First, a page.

The weight programme will come up with a tailored plan based on your child’s age and BMI. Losing weight isn’t always a good thing in children because they’re still growing. The best thing may be to aim to keep your child’s weight the same. As your child grows taller and their weight stays the same, their BMI will become lower.

In some circumstances, your GP may refer your child to see a paediatrician (a doctor who specialises in child health). This may be if there is a medical condition linked to your child’s weight problems.

Medicines for weight loss

Medicines for weight loss aren’t recommended for children under 12. There are medicines which can be used to help weight loss, but these are very rarely used in children. They can only be prescribed in a specialist clinic. Your doctor will only prescribe medicines if your child is very overweight and has other health problems caused by their weight.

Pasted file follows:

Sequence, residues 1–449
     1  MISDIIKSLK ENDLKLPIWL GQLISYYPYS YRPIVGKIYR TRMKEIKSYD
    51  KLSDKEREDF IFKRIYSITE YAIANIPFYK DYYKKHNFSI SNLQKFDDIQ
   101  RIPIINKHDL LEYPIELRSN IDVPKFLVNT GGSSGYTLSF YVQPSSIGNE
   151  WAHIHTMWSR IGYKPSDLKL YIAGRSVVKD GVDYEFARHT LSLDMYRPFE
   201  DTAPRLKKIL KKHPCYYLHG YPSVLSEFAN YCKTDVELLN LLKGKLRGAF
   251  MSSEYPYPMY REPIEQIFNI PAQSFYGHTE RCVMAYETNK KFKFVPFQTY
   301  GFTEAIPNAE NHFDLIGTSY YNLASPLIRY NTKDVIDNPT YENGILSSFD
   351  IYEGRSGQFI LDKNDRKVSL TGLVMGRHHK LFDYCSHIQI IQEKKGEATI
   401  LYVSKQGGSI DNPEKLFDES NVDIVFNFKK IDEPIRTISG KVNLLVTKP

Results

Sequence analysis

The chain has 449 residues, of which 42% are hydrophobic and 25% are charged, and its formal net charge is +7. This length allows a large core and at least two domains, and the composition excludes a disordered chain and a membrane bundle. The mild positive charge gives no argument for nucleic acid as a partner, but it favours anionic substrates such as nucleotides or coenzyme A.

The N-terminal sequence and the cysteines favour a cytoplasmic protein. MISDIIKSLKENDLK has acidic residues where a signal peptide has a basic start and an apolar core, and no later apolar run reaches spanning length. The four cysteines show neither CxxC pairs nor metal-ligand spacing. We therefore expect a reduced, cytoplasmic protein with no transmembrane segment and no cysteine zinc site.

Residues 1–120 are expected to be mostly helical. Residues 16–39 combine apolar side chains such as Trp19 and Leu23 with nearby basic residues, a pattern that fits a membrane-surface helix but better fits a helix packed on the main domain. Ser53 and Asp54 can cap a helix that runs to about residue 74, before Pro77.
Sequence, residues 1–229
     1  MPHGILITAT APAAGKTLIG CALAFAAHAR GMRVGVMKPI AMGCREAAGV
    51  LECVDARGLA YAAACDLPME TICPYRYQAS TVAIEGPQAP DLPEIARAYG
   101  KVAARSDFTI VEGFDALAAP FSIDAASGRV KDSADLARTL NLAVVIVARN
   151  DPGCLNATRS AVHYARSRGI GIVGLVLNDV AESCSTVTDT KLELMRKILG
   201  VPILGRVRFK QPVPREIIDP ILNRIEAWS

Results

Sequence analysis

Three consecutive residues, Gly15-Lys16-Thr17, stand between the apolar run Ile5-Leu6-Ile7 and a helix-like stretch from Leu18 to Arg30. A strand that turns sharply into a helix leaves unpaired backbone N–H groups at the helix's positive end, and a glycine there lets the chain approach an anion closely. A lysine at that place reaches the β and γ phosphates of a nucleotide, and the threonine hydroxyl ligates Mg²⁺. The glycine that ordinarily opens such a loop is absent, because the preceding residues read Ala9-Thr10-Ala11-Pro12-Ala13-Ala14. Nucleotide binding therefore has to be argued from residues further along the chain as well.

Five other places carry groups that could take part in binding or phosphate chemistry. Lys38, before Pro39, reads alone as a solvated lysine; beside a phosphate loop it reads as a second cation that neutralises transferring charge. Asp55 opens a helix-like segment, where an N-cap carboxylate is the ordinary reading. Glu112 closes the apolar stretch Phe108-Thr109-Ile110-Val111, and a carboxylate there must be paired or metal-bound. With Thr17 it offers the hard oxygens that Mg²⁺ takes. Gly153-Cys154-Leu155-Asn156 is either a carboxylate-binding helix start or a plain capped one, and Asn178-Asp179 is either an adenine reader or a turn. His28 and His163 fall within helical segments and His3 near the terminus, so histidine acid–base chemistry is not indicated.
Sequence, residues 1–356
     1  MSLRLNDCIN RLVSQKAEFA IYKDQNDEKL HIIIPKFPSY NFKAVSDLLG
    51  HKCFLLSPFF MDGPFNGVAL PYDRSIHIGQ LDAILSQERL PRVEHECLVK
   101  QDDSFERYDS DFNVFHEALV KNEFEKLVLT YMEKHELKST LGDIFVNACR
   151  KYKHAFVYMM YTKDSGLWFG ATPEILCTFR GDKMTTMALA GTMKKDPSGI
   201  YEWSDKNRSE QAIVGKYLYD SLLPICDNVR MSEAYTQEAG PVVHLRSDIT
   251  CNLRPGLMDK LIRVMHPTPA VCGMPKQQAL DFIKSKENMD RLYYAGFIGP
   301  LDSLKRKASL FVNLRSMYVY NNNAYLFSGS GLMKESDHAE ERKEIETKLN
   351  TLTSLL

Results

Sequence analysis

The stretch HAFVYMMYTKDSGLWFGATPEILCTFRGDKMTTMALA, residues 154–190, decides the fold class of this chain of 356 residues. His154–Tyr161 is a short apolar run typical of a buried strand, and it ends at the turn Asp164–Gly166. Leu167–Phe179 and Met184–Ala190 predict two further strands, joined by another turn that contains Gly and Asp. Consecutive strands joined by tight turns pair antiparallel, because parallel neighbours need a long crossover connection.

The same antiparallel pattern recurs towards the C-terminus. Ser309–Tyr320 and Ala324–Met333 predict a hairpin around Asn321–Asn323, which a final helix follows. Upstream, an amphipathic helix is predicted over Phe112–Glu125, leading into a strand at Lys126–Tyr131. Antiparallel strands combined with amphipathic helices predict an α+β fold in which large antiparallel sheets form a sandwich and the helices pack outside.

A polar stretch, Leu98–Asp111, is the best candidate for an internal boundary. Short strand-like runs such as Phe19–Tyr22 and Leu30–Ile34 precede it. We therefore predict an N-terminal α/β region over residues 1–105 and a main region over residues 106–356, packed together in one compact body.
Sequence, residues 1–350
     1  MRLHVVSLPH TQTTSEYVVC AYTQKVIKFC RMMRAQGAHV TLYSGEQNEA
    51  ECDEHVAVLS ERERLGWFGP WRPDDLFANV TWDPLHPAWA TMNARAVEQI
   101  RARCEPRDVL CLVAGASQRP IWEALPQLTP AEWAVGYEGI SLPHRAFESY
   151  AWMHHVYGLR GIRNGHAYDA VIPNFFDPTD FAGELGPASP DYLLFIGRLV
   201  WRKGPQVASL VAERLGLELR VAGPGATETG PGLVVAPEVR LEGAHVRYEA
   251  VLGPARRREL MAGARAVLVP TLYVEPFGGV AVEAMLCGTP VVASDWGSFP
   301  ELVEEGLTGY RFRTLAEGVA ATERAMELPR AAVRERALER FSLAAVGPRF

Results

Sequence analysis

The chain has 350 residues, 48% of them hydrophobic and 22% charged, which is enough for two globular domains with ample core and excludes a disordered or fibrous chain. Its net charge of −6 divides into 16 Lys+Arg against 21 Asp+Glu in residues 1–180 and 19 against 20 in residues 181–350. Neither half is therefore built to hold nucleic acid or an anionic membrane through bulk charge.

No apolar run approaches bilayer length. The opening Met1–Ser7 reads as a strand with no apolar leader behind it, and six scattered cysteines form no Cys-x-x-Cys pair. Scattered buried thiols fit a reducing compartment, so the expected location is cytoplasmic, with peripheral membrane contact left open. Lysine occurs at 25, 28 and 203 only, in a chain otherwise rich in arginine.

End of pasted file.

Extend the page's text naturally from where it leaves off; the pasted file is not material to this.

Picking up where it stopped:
Surgery for weight loss

Weight-loss surgery for children is very rarely done and never for younger children. Your child’s specialist doctor will only suggest it if you’ve tried everything else and nothing has worked. To be considered for surgery, your child will need to:

  • have been through puberty
  • be extremely overweight
  • have other health problems related to their excess weight

Your doctor will discuss your child’s treatment choices with you.

Why do children become overweight?

There are a number of different things that can work together to make children overweight.